Contact us about costs
Power Generation

The rapid deployment of renewable power generation technologies, working in combination with high learning rates, have pushed costs down. This trend is projected to continue, making renewables increasingly competitive with fossil fuels in countries across the world, and the least-cost option in a growing number of markets.

The year 2013 was a landmark year for renewables. Overall capacity additions reached a new record high of more than 120 GW, with new solar deployment exceeding wind for the first time. In 2013 additions included, 38 GW of solar photovoltaic (PV), 35 GW of new wind power capacity, 34 GW of hydropower, 6 GW of biomass, 1 GW of concentrating solar power (CSP) and 0.4 GW of geothermal power.

The cost competitiveness of renewable power has reached historic levels. Biomass for power, hydropwer, geothermal and onshore wind can all now provide electricity competitively compared to fossil fuel-fired power generation. Most impressively, the levelised cost of electricity (LCOE) of solar PV has halved between 2010 and 2014 so that solar photovoltaics (PV) is also increasingly competitive at the utility scale. Further equipment cost reductions can be expected to 2020, which will lower the weighted average LCOE of renewables.

As a result, renewable technologies are now the most economical solution for new capacity in a growing number of countries and regions and are typically the most economic solution for new grid-connected capacity where good resources are available.

For more details on power generation developments, and technology-specific costs, performance and future trends, click on the desired link below or to your right.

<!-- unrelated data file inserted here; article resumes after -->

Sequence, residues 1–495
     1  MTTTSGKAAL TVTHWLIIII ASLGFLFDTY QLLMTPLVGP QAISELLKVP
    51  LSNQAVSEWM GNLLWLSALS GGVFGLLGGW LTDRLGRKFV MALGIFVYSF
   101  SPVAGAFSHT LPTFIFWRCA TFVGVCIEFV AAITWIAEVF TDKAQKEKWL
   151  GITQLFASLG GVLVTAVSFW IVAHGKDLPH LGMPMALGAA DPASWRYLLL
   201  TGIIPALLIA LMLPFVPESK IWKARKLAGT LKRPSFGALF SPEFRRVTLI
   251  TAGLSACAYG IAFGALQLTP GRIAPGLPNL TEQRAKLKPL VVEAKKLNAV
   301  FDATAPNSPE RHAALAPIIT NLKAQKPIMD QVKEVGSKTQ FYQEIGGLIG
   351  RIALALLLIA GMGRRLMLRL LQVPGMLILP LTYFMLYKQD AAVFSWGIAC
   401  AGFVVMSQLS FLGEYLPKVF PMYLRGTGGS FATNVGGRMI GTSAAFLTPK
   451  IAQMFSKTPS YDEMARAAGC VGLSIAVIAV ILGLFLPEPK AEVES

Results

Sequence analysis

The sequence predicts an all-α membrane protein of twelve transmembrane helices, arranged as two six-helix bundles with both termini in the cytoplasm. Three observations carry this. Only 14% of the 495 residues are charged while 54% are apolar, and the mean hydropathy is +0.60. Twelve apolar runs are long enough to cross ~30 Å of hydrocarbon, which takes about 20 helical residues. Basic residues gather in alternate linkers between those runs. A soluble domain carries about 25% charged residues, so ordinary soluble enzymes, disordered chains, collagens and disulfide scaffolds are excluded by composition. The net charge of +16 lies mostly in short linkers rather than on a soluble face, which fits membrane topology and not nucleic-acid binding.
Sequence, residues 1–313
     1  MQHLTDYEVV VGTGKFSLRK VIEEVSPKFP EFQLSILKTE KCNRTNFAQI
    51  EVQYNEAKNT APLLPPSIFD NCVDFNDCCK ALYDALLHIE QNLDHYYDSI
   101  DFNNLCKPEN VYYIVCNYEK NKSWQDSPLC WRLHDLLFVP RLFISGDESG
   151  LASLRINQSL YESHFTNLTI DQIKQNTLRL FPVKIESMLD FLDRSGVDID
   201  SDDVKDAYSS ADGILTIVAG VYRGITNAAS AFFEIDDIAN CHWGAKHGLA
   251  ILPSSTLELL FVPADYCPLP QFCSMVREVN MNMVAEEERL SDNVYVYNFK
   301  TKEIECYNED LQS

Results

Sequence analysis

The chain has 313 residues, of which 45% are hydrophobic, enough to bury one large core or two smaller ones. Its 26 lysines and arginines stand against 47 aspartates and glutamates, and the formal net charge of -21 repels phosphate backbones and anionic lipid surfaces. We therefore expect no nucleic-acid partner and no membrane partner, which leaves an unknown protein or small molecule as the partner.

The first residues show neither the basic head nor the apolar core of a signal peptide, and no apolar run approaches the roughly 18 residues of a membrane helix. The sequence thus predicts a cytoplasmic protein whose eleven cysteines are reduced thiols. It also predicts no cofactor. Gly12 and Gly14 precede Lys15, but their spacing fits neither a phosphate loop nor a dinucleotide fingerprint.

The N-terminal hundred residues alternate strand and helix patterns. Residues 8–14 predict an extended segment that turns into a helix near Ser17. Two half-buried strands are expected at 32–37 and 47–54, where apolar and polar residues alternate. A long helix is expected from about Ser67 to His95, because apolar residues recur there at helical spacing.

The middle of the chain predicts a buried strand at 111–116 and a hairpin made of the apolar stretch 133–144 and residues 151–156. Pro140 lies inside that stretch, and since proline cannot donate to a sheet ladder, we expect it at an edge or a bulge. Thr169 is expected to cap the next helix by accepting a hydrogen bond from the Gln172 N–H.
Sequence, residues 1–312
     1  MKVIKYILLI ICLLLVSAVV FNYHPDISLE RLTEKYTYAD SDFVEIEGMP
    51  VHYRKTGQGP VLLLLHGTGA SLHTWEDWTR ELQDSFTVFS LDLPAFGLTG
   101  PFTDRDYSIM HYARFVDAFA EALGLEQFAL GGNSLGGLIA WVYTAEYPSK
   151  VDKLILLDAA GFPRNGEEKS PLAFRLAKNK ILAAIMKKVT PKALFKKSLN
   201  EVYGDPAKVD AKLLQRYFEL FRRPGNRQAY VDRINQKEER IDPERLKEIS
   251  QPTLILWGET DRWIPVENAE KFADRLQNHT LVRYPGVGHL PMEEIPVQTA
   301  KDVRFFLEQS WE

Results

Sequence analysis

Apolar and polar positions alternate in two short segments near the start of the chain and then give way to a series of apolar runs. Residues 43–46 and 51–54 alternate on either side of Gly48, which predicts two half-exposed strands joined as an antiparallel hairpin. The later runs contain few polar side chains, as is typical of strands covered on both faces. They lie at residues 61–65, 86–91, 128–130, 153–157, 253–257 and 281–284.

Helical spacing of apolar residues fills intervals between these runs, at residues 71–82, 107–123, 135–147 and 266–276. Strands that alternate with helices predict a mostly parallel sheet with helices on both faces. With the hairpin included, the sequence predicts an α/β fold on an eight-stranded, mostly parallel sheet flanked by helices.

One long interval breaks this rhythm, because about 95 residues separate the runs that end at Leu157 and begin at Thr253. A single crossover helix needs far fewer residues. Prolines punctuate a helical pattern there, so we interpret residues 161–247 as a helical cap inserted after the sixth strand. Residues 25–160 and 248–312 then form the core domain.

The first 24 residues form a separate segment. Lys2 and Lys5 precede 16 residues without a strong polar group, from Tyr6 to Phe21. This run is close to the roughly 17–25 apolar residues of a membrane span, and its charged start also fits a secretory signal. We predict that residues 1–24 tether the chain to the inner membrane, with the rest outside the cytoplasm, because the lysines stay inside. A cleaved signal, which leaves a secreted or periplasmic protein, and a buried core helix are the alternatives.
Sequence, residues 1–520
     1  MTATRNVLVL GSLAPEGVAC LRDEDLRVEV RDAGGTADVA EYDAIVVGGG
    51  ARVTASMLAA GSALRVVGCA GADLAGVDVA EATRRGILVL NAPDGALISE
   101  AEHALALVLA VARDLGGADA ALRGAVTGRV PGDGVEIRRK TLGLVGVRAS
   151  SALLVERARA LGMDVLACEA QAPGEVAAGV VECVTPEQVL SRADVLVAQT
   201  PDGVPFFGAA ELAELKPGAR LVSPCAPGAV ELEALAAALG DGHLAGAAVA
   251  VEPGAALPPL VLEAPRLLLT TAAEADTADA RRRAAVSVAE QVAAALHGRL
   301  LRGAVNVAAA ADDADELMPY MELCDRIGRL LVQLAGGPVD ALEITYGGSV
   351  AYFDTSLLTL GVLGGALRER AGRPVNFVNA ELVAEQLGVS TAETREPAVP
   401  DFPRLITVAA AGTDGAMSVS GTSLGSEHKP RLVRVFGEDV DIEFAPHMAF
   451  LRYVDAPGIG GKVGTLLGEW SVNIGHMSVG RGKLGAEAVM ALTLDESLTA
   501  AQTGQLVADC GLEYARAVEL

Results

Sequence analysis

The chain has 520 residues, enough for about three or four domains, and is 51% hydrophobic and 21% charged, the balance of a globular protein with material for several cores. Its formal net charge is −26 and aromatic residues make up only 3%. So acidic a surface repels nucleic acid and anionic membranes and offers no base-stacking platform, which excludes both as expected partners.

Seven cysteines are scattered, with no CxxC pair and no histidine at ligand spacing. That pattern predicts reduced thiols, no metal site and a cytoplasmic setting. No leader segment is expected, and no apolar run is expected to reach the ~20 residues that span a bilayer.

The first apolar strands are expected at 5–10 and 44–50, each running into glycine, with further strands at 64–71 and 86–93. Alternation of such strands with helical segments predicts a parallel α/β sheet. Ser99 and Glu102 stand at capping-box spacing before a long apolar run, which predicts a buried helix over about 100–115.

Advanced biofuels to be competitive with fossil fuels by 2020.       Solar PV module prices of around USD 0.75/Watt makes PV the economic solution for 1.3 billion people.       Electric vehicle battery packs to fall 40% to 55% by 2020 to cost USD 300-400/kWh in 2020.       Some of today's first-of-a-kind commercial plug-in hybrid and battery electric vehicles are economic today.       Road transport accounted for 76% of total transport demand in 2010.       Biodiesel consumption grew 42% per year between 2000-2010.       Feedstock costs account for 60-80% of total conventional ethanol production costs.       The levelised cost of electricity of wind, solar PV, CSP and biomass is declining.       Electricity from hydropower, geothermal and biomass where good resources remain are the cheapest way to generate electricity.       Renewables are increasingly the most economic solution for new grid connected capacity.       Wind turbine prices have been declining since 2009.       Renewables are becoming the economic choice for off-grid and mini-grids.       Wind turbine prices in China in 2012 were USD 620/kW.       The installed cost of wind is typically lower than coal-fired power plants in OECD countries.